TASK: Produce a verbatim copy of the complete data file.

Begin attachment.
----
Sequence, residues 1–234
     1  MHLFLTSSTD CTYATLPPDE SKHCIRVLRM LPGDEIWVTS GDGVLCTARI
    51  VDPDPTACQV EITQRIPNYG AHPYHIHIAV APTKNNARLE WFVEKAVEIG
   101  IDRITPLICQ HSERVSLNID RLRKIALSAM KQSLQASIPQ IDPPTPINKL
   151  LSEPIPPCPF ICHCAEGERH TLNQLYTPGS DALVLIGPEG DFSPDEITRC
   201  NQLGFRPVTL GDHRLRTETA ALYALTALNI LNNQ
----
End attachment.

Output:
Sequence, residues 1–234
     1  MHLFLTSSTD CTYATLPPDE SKHCIRVLRM LPGDEIWVTS GDGVLCTARI
    51  VDPDPTACQV EITQRIPNYG AHPYHIHIAV APTKNNARLE WFVEKAVEIG
   101  IDRITPLICQ HSERVSLNID RLRKIALSAM KQSLQASIPQ IDPPTPINKL
   151  LSEPIPPCPF ICHCAEGERH TLNQLYTPGS DALVLIGPEG DFSPDEITRC
   201  NQLGFRPVTL GDHRLRTETA ALYALTALNI LNNQ